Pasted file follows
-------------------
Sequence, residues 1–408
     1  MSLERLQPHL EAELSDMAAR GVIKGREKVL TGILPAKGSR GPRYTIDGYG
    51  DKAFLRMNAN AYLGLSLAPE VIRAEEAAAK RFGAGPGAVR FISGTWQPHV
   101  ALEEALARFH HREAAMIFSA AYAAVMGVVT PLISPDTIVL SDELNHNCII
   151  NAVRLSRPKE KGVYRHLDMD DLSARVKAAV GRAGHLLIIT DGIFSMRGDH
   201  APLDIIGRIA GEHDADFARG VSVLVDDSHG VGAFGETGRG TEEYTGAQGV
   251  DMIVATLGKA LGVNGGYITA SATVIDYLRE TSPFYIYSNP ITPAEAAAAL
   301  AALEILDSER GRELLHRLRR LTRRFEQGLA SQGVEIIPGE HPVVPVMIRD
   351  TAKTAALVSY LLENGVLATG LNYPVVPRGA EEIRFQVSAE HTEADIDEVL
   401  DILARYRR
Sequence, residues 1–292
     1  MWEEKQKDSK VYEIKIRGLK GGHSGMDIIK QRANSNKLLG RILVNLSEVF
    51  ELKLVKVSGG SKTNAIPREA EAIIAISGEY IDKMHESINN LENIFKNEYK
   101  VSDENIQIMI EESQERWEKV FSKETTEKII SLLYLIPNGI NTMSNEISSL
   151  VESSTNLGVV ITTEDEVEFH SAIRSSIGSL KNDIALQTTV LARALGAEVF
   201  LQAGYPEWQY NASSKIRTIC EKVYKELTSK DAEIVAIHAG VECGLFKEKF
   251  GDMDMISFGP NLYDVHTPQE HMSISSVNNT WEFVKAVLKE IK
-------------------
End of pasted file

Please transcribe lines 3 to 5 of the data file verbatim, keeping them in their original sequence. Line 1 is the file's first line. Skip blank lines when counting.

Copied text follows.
    51  DKAFLRMNAN AYLGLSLAPE VIRAEEAAAK RFGAGPGAVR FISGTWQPHV
   101  ALEEALARFH HREAAMIFSA AYAAVMGVVT PLISPDTIVL SDELNHNCII
   151  NAVRLSRPKE KGVYRHLDMD DLSARVKAAV GRAGHLLIIT DGIFSMRGDH